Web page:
Dr. McGoogle likes to claim that these starchy foods are comfort food. Things such as pasta, breads, and specifically he mentions mashed potatoes. However, everybody knows their favorite recipe of mashed potatoes contains no less than one stick of butter, and their favorite pasta dish is served with an oil or cheese based sauce, and that everybody likes to add butter, bacon, sour cream to their potatoe or a nice spread of peanut butter, nutella, or again, butter, on their bread. Comfort foods are things that hit all of our taste bud sensations. Sweet, salty, and fatty and the combination of them all in a filling meal. The carbs are mostly responsible for the satiation, the volume, texture, whereas the fats contain all of the rich and savory flavors. Nobody comes home after being away at school and asks their mama for their famous dry macaroni. Nah, gurl. They want MAC AND CHEESE, PLEASE!

Nice try selling me on that one, Doc. But I know better, Ol' Yeargain was raised in Oklahoma, land of the mayonnaise tree.



Like I've mentioned before. A diet that is restrictive can only work if a person has an eating disorder, an iron will, a potential threat, or a moral belief against eating such foods. Dr. McDouglous does a fairly good job drawing up scare tactics to create a sense of urgency in adherence, but that only goes so far. (People smoke packs and packs of cigarettes everyday with warning labels that claim it could cause cancer.) The reason diets that are of this variety work, such as veganism, is because of the moral beliefs associated with eating in this manner. Vanity alone cannot stand against a giant Meatball Sub with extra Parmesan cheese. When cravings hit, you've got to have the power of damnation on your back, a phobia, or a game plan, or you will fail.

Anti Protein:

There are a great deal of anti high protein diet claims made by this diet as well as all low meat/no meat/low protein diets, many of them stating that your kidneys can't handle large amounts of protein. This is simply not true. Here's my boy, Alan Aragon to smack this shit down.

"Back in 1983, researchers first discovered that eating more protein increases your "glomerular filtration rate," or GFR. Think of GFR as the amount of blood your kidneys are filtering per minute. From this finding, many scientists made the leap that a higher GFR places your kidneys under greater stress.
Nearly 2 decades ago, Dutch researchers found that while a protein-rich meal did boost GFR, it didn't have an adverse effect on overall kidney function. In fact, there's zero published research showing that downing hefty amounts of protein—specifically, up to 1.27 grams per pound of body weight a day—damages healthy kidneys."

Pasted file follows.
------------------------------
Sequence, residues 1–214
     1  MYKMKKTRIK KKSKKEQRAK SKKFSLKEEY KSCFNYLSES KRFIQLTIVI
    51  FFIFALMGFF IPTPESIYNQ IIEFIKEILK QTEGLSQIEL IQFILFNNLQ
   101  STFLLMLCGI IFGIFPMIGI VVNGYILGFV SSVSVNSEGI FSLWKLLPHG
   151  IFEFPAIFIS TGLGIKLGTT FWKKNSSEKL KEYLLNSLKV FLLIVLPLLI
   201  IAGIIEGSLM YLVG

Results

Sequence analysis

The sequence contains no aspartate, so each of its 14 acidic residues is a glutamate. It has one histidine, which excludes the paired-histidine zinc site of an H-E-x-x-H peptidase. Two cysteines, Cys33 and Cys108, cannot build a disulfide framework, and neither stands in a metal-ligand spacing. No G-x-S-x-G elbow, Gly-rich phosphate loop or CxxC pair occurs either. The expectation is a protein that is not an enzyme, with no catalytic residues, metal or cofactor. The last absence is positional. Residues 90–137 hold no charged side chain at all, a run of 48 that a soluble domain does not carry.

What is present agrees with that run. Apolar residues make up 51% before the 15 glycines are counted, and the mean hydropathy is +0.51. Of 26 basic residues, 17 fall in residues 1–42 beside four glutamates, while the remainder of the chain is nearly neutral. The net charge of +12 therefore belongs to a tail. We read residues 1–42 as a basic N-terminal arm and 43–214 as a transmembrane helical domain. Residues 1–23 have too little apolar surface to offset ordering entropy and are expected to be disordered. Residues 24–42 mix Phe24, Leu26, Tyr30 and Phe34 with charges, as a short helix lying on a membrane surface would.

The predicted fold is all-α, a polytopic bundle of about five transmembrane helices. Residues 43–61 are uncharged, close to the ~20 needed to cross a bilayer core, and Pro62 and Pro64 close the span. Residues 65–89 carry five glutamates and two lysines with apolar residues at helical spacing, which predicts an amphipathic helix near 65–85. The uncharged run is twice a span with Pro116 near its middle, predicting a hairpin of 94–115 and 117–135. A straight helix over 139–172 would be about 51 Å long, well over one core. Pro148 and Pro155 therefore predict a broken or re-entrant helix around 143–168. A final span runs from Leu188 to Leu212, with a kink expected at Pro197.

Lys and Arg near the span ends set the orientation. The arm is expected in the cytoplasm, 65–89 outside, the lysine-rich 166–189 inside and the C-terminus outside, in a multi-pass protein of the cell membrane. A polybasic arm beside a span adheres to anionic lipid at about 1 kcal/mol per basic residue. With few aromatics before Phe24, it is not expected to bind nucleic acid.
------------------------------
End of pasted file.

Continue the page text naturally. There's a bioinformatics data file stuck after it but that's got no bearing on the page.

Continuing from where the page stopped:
So, now that's out of the way, you can stop staring at your deep freezer full of chicken in fear now. It's okay, they're dead, they can't peck you. You've won, you can eat them now.



I'm certain that aspects of this diet will work. Dietary fat is calorically dense, saturated in a great deal of stream lined, processed foods, and is often the culprit to people's overeating and subsequent obesity problems. Cutting out foods that are notoriously filled with fat will help you lose weight (at least in some manner), and your weight loss will alleviate a great deal of your medical issues.


Claiming that it's a miracle diet that can prevent a number of serious diseases is altogether irresponsible in my mind. Especially when a number of people have seen miraculous changes in their health with things such as ketogenic diets. Even if a person is concerned with these potential ailments, they should not be listening to a book, or even trust an bro who likes to sing opera, they should consult their doctor and registered dietician and find out what their body responds to and if they even need to resort to such extremes. The real truth is that the majority of these ailments are more rooted in hereditary and sedentary factors, rather than you eating a nice fatted goose for Christmas.

Dr. McDoggleboggle attempted to create all cure with his potatoe theory, and in the end wrote a book and made himself a little retreat in California where him and his wife fix you and your rich ass friends some nice starchy crap for a nominal fee <$5,560/person (single) >. To me, sounds like business as usual.

I ain't got no hate for potatoes or vegans/vegetarians. You eat the way your heart tells you, I'm not your moral compass, plus you can still get plenty of protein and fat in a vegan diet. And potatoes are tasty as shit, especially fried in oil and served with chili and cheese. Maybe dipped in mayo if I'm feelin like a real sick bastard and I've been away from the fruitful mayo trees native to my homeland.

Until next time, don't be afraid of eating that rib-eye. Eat it, enjoy it, savor it...but if you're going to eat that rib-eye, don't put a bunch of butter on your potato, roll, and maybe have just one slice of cake and have a nice chicken salad with a nice no fat vinaigrette for lunch. Balance and all that shit. And, as always...

Lift Big, Sing Big, and Look Great Doing It.

The Opera Bro